We’ve tried to help strengthen the case for these types of policy and market interventions by highlighting the stories of the people who would benefit. For example, in Brazil, Yilmary Perdomo is a former occupational therapist who fled her home in Venezuela in 2016 when  criminals began calling her family, threatening to kidnap her daughter. Now safely in São Paulo, Brazil, Yilmary is trying to launch a catering business to earn money, while her husband, previously a special education teacher, is working as an Uber driver. Despite having the necessary official documents, she found it hard to open a bank account: She went to the bank seven times to no avail, always rejected for missing one document or another. She finally got help from the NGO Caritas, which was able to open a bank account for her in 15 minutes, as they knew how to navigate the bureaucracy. But she still lacks full financial access: She’d like a loan to expand her catering business, but can’t get one – she doesn’t have the ID card that public banks want, and the interest charged by private banks is too high. Yilmary’s experience shows us the issues faced by a lot of people in emerging markets, where they don’t have the necessary connections, not to mention the paperwork, to truly access the finance they need. 

 

 

A Former Guerrilla Struggles to Rejoin Society

As part of Identities of the World, we also discovered the story of Rubén Dario Jaramillo, an ex-FARC fighter who got together with a few other former FARC members to start an artisanal brewery in Icononzo, Colombia. His is a truly fascinating case: As a guerrilla fighter, phones weren’t a part of his daily life, and he rarely visited cities. This all changed when FARC signed a ceasefire with the Colombian government in 2016, and 13,000 people like him committed to re-integrating into society in 200 designated demilitarized zones. 

This was the beginning of a different set of issues: The government committed to giving Rubén and his fellow ex-fighters 90% of the minimum wage for an eight-year period if they did not run into problems with the law – the idea being that they would lead a peaceful life, with at least some of their financial needs covered. But that money is not enough for most people like Rubén, particularly those who have families, and getting jobs isn’t an easy task with their lack of traditional employment history. As Rubén says, “For many of us living in remote rural areas, the money still falls short. This is mainly because it is put into our new bank accounts, which we can only access if we pay a lot to travel a long way to the nearest bank or cash machine. The bank system in Colombia is fine for people who have money and live in the cities, but it doesn’t really include people like me.”

 

 

A Local Currency Success Story

Despite the many difficult experiences we’ve heard, we’ve also come across success stories that show how local communities are working to solve the challenges of financial access. One such community-oriented solution is Banco União Sampaio in Brazil. The bank was created in 2009, with the support of the University of São Paulo’s Technological Incubator for Low-Income Cooperatives. It issues its own “social” currency, the Sampaio, properly registered with Brazil’s Central Bank and accepted in over 20 establishments throughout Campo Limpo, a district of São Paulo. There are more than 100 social currencies in Brazil, moving over R$6 million (around US $1.13 million) per year within poorer communities. Banco União Sampaio gives loans to residents in the form of the Sampaio, and merchants who accept the currency in the area can exchange them for Brazilian reals in regular banks. All customers need to prove is that they are a local resident (paying local taxes, for example) – they don’t need to show documents proving who they are, such as passports or work ID cards.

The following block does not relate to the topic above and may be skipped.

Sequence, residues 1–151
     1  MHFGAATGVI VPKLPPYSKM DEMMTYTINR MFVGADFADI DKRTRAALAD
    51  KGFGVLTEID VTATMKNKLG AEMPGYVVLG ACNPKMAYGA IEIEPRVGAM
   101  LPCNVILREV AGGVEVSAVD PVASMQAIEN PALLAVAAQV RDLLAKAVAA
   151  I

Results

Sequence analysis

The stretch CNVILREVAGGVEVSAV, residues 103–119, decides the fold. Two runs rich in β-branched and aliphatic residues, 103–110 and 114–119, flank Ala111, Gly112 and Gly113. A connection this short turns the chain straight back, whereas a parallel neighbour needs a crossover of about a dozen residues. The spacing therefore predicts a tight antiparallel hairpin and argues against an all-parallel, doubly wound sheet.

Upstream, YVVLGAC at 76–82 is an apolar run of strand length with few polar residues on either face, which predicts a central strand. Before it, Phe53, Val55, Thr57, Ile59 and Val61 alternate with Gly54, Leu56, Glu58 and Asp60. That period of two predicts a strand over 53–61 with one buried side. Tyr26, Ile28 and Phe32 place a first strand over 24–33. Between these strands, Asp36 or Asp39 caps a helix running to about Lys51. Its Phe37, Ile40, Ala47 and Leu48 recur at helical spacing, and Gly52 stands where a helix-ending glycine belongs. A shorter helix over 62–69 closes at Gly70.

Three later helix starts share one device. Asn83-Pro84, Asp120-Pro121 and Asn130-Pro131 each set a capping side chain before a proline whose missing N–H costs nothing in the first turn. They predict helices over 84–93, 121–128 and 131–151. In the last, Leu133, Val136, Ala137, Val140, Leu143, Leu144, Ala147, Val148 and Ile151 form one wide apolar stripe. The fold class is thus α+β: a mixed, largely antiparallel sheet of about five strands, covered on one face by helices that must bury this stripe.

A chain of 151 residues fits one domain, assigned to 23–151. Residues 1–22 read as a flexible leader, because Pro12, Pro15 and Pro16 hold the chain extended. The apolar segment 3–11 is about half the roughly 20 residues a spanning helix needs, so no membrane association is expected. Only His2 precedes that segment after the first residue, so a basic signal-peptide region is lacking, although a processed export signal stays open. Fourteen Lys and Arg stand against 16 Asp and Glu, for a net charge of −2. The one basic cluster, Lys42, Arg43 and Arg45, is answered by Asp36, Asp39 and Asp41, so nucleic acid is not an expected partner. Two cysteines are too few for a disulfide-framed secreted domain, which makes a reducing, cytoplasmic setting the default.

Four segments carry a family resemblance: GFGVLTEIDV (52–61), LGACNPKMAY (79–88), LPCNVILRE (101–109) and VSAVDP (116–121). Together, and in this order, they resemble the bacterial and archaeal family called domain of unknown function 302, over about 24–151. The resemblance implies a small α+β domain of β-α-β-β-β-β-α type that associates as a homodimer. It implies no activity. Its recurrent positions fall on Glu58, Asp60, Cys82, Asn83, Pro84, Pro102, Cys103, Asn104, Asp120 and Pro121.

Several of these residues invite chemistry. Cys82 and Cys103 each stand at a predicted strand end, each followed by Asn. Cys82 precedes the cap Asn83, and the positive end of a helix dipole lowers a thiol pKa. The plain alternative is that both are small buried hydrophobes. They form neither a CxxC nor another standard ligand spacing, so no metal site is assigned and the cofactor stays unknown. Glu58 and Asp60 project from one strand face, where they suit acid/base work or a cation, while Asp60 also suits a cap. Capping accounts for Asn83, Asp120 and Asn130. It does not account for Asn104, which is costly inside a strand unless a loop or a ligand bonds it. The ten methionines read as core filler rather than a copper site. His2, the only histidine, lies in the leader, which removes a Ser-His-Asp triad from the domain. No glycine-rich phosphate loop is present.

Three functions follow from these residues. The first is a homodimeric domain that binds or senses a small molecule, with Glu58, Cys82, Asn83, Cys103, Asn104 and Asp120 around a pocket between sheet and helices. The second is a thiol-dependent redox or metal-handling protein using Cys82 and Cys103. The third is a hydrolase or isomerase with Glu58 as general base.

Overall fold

Sonia Levino, a customer of Banco União Sampaio, borrows Sampaios to buy necessities like glasses, which allow her to sew items she can sell locally to earn money. She also uses the Sampaio to buy bus tickets to take trips with her friends – even if her husband is against the idea. This is the kind of imperceptible yet important benefit of bolstering a woman’s livelihood that helps Banco União Sampaio achieve one of its original goals: to empower women and reduce gender inequalities in society. 

 

 

An Issue Whose Time Has Come

The UN’s Sustainable Development Goals place “No Poverty” first on their list, while SDG 8 calls for “Decent Work and Economic Growth,” and SDG 10 focuses on “Reduced Inequalities.” Each of these goals is impacted by access to credit and other essential financial services – and this access won’t be possible unless stakeholders address the obstacle of valid IDs. 

The importance of this issue is becoming clearer to development organisations across the spectrum looking to help people access credit. And increasingly, fintech startups that provide alternatives to bank loans and commercial insurance policies are working on digital products that customers can access without traditional ID requirements, so that vulnerable people might have newfound access to credit and other financial services. Hopefully other startups and large corporations alike will also see the significance of this need, and will act to address it. By elevating stories like the ones above, we hope to help the issue get the attention it deserves.

 

Anjali Ramachandran is a Director at Storythings

 

Photo courtesy of Ramon Campos Iriarte / Storythings.

 


 

Categories
Finance
Tags
banking, credit, economic development, financial inclusion, fintech, immigration, incubators, jobs, migrants, refugees